Filichia Features: Remembering Martin Charnin

Filichia Features: Remembering Martin Charnin

How sad that Martin Charnin has died.

I became a fan in 1968 after a backers' audition of Ballad for a Firing Squad, a reworking of his Mata Hari. Get the 2001 studio cast album and you'll see why.

This was nearly nine years before Annie, which sported his direction and lyrics. In the meantime, he'd appreciated my enthusiasm for his work while many others didn't.

In 1978, I was asked to write a song for a party that would honor him. I set my lyric to "Why Me?" a song he'd written to a Richard Rodgers melody.

It opens their 1970 musical Two by Two. Noah wonders "Why me?" when God could have chosen so many others to build an ark.

I used "Why Me?" in a different context:

Marty first wrote the lyrics for Hot Spot

People said, "What a hit that'll be!"

But it closed right away

Leaving Marty to say,

"Why me? Why me? Why me?"

Hot Spot was a 1963 Judy Holliday musical about the Peace Corps. The show went through nine directors (according to supporting player Sheila Smith), and despite Mary Rodgers' fine music, closed after 43 performances.

Marty next wrote some lyrics for Zenda

Broadway opening: Late '63!

But it closed out-of-town

Leaving Marty to frown,

"Why me? Why me? Why me?"

This The Prisoner of Zenda musical had music by the esteemed Vernon Duke. Even with Alfred Drake and Chita Rivera starring, it couldn't make it to Broadway.

Charnin indeed wrote "some lyrics" as two unknown wordsmiths provided others.

Marty's next one was called Mata Hari

Starring what was her name? Something Mell.

We forget, though we'll always remember

That the dame didn't die when she fell.

On opening night in Washington, Marisa Mell's Mata Hari didn't stay dead after she'd been shot by a firing squad; she scratched her nose. This one couldn't make it to Broadway, either.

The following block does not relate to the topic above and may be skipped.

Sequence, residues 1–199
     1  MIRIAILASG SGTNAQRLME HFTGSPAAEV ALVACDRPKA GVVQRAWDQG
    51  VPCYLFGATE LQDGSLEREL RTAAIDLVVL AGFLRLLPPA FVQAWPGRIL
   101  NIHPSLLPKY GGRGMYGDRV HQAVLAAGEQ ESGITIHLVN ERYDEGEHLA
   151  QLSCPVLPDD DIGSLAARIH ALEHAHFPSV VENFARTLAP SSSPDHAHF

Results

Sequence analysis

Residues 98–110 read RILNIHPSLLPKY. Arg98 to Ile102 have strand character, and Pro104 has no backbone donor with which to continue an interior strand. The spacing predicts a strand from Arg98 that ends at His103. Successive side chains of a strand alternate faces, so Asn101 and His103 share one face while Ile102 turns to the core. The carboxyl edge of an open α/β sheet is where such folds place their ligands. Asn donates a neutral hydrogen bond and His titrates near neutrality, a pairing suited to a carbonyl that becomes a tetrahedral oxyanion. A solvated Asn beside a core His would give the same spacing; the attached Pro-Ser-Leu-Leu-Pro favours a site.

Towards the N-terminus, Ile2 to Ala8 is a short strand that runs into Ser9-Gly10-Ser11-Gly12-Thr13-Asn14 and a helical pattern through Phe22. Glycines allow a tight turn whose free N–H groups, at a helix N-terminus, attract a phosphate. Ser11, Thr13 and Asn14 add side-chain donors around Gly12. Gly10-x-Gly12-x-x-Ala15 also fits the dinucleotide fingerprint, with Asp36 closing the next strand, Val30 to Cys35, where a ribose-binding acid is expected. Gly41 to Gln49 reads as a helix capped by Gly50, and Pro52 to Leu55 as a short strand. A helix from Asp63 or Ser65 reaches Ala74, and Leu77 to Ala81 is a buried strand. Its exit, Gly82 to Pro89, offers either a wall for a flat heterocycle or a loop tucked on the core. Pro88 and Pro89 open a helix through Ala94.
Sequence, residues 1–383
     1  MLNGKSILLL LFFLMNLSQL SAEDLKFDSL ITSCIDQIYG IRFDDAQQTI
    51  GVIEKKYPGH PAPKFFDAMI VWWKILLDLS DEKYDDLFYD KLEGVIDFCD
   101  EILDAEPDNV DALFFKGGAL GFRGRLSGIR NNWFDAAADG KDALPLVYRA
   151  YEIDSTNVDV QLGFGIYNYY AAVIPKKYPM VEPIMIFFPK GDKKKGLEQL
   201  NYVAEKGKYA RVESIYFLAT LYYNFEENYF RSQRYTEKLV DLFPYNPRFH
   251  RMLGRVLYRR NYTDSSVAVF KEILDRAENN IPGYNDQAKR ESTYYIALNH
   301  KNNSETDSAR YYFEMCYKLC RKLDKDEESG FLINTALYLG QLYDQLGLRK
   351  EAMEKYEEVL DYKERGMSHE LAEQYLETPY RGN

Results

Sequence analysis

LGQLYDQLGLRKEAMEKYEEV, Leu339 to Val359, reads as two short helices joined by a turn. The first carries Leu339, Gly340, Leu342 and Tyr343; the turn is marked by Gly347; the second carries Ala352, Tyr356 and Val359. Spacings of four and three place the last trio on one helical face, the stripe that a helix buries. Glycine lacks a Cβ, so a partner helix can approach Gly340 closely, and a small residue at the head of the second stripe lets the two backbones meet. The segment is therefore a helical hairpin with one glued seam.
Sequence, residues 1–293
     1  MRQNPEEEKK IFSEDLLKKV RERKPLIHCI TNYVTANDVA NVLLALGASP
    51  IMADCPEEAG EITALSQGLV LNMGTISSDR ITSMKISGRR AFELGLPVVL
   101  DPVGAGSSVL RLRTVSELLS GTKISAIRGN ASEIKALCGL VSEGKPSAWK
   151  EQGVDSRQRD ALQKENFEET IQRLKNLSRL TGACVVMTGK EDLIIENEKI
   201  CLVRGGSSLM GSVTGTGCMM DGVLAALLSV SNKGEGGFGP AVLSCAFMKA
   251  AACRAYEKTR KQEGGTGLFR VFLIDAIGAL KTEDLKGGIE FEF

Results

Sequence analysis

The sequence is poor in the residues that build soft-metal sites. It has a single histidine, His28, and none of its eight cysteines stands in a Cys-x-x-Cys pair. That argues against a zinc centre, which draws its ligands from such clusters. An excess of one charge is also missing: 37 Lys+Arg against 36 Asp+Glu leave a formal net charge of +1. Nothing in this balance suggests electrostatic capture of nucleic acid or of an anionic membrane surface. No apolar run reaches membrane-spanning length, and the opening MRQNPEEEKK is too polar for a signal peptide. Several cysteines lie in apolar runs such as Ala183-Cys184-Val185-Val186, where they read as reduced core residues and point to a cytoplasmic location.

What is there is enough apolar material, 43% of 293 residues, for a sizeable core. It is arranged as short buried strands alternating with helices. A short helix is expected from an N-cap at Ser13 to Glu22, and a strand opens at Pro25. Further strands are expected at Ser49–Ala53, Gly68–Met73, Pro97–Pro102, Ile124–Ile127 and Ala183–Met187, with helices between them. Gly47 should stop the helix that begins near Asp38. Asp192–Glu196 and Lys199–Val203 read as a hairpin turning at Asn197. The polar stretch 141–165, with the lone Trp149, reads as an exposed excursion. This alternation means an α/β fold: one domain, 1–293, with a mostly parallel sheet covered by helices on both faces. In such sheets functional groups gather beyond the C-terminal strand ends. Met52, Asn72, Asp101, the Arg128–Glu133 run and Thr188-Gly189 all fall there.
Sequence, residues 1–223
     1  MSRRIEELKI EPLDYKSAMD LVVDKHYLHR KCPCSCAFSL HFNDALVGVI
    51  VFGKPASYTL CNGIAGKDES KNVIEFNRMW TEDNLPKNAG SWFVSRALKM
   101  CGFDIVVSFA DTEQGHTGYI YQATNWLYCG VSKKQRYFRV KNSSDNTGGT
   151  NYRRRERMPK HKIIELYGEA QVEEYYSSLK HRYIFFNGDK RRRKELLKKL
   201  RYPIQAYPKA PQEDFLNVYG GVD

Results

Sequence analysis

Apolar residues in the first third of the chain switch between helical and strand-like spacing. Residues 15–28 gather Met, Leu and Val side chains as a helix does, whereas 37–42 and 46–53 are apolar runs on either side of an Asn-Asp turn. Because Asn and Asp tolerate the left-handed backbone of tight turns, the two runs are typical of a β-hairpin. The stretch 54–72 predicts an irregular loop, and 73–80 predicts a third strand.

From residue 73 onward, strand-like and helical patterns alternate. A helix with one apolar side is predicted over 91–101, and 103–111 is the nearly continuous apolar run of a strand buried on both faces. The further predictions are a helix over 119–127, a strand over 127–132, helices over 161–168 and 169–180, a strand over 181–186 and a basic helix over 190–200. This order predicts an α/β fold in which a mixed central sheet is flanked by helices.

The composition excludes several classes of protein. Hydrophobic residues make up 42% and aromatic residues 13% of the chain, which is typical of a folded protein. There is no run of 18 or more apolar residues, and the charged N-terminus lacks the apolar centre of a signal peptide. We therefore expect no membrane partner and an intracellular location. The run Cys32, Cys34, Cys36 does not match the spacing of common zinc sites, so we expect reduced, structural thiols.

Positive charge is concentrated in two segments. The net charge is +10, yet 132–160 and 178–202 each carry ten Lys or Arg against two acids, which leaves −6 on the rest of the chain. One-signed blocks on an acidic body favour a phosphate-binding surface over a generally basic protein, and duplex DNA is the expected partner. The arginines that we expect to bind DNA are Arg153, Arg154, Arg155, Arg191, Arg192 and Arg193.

Danny Kaye, Two by Two quickly followed

Did all right -- 'till the star hurt his knee

Danny improvised words

(Treated Marty's like turds)

"Why me, dear God, why me?"


Two by Two had a big advance sale, thanks to Kaye's Broadway return. But after he was injured, he started improvising, straying far from the text even to the point where he mentioned No, No, Nanette (in umpteen-thousand B.C.).

Despite all the setbacks, the guy stays alive

Not once through it all does he work 9-to-5

He's winning some Emmys

Charnin won two in 1972 for 'S Wonderful, 'S Marvelous, 'S Gershwin after having won one in 1970 for an Anne Bancroft special called (note the first word) Annie, the Women in the Life of a Man.

He's buying nice clothes

But still, he's obsessing about Broadway shows.


Then fin'lly, one orphan girl catches his eye

He tells Messrs. Meehan and Strouse, "It'll fly!

With little girls, Christmas, a dog and a car

We'll get us a moppet and make her a star.

The men at the theater will change the marquee

A-L-V-I-N to A-N-N-I-E!"


After Annie had opened at the Alvin (now the Neil Simon), the vertical sign lost the "L" and "V," had its "N" repositioned and added an "N" and "E." That ANNIE stayed up there for years.

The "Messrs." were bookwriter Tom Meehan and composer Charles Strouse. Meehan had never written a libretto before, but Charnin told him he could do it. Indeed, he could -- for 10 other musicals, too.


June of '77, the Tonys

Marty's there, as is each nominee

Is our lyricist floored

When he gets the award!

"For me? For me? For me!"

My song came at the right time; Charnin never had another Broadway hit. Still, as Orson Welles said, "You only need one" - and Charnin certainly got that one.

Annie became an industry. People became talent agents who specialized in finding worthy little girls (and made a fine living from it).

Charnin was generous in mentoring writers and giving them chances to be heard (especially in his excellent 1982 revue Upstairs at O'Neals ).

And he was good to me.

Many times when he introduced me to others, he gave me credit for giving him the idea that a song called "All Dolled Up" would be a welcome addition to Annie Warbucks. I suspect he had that in mind when he wrote the liner notes for Incurably Romantic, his 1997 album of his lesser-known songs and stated that the obscurities were "for the Filichia-philes."

I'll always be proud to be a Charnin-phile.

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